"It’s about being able to contribute to the team as much as I can. That’s always a good feeling."Hurricanes receiver Xavier Restrepo
''It Motivated Me More Than Ever''
CORAL GABLES, Fla. – It was as frustrating a stretch as Xavier Restrepo could remember.
Sidelined by a foot injury that kept him from playing in five games last season, the receiver tried to stay as connected to the game as best he could, injury and all.
He communicated with teammates and tried to provide encouragement as the Hurricanes navigated through some tough losses. He studied film and learned new ways to better read defenses. And he vowed that once he got back on the field, he’d make every moment count.
“It affected me a lot. It made me realize and cherish every moment I get to step on the field, even in practice,” Restrepo recalled. “I never took a moment for granted, but it killed me to see my team suffer like that [last season] and me not be there to help them. It hurt a lot, but it motivated me more than ever.”
Though Restrepo returned to action for the last five games of the 2022 season, that motivation still drives him a year later.
It carried him through offseason workouts, pushed him through spring practice and was fuel during more than a few sweltering sessions on Greentree during preseason camp.
And most importantly, his teammates and coaches say, that motivation helped Restrepo continue to find his voice as one of the leaders in the Hurricanes locker room.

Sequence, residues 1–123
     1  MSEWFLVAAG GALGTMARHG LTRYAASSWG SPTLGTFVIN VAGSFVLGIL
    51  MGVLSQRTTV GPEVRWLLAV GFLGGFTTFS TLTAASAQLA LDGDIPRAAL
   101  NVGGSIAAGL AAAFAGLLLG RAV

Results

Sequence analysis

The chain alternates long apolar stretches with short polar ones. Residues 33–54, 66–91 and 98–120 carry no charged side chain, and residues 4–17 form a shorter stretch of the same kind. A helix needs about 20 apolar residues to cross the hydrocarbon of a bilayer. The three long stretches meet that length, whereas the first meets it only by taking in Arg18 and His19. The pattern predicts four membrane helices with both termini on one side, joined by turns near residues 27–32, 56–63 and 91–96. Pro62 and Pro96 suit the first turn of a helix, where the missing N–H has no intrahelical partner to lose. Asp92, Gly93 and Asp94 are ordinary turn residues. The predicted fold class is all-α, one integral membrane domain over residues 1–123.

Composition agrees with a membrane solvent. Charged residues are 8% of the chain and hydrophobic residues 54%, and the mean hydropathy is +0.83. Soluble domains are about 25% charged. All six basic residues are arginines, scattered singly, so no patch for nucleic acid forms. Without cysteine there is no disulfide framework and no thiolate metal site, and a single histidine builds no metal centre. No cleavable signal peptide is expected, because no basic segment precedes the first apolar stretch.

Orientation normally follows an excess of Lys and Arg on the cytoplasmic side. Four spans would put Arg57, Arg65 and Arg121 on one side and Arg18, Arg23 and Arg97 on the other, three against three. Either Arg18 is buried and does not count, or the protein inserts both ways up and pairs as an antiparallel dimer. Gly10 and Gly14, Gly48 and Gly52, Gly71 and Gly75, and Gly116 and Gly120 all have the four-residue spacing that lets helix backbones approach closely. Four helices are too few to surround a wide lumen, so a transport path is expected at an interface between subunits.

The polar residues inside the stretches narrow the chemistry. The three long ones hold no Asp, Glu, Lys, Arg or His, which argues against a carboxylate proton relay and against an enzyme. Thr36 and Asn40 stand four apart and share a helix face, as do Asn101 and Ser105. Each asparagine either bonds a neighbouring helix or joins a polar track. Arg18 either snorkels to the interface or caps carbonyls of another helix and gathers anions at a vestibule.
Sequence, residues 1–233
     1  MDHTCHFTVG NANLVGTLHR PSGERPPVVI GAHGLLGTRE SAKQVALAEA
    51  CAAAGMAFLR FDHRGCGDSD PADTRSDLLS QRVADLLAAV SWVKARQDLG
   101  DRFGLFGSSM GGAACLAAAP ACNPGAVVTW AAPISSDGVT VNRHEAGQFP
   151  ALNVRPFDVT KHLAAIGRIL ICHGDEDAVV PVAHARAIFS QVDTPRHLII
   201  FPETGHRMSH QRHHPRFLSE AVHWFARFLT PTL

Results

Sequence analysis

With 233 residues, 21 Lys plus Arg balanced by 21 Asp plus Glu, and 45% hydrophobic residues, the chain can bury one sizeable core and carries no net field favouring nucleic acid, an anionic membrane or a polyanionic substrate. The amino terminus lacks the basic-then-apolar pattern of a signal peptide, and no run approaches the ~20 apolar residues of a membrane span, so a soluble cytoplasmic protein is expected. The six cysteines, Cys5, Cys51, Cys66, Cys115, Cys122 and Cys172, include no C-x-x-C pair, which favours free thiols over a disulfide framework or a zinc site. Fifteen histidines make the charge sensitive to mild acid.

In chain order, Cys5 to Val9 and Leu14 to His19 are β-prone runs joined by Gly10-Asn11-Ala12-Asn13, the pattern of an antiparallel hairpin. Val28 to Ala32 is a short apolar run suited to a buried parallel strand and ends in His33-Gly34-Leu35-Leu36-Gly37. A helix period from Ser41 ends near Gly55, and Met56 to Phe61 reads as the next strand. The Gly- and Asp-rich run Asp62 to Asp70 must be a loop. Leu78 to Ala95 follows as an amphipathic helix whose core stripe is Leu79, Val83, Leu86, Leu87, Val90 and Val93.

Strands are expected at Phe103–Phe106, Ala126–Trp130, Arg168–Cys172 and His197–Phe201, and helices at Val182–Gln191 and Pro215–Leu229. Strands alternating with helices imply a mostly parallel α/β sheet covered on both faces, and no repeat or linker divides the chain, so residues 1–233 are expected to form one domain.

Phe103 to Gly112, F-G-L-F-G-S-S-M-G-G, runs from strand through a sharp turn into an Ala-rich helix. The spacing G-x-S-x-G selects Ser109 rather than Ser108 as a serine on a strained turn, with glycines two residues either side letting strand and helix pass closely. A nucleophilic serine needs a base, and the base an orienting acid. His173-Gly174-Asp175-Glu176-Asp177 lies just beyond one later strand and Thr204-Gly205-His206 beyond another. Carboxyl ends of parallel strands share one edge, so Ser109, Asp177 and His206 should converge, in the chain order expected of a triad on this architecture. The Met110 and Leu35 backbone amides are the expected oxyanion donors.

“X has always had a voice. It’s just been a matter of his play kind of coming up to that. Last year he was hurt, and in his second year here, he was behind [former Hurricanes receiver] Mike Harley,” said Miami quarterback Tyler Van Dyke. “Now that he’s an older guy and his play has [grown], a lot more people listen, and he has that voice in the team.”
No one would know better than Van Dyke just how much Restrepo’s game has grown.
The two arrived at Miami in 2020 and wasted little time becoming fast friends.
The quarterback and receiver – roommates during their first three years as Hurricanes – often spent time working together at the Carol Soffer Indoor Practice Facility and on Greentree’s practice fields. There would often be brutally honest conversations on how each could improve and this season, the duo has become an invaluable weapon for the Hurricanes’ offense.
Restrepo has emerged as one of Van Dyke’s most reliable targets through Miami’s first six games, hauling in a team-high 47 catches for a team-high 574 yards. He’s caught four of Van Dyke’s 16 touchdown passes and his efforts on punt returns have helped Restrepo become Miami’s leader in all-purpose yards to boot.
“I think the main thing is that he’s consistently consistent. You know what you’re going to get from him,” said Hurricanes receivers coach Kevin Beard of Restrepo. “I constantly explain to the guys that everybody wants to play in the NFL and in the NFL, they’re going to pay you a lot of money to be consistent. They want to know on every play, based off the play call, are you going to be where the drawing tells you to be? Where the quarterback knows you’re going to be? And that’s what makes it easy for TVD to find him like he does. Because he can trust that [Restrepo’s] going to be there and when he gets there, he’s going to make the play when the ball comes his way.”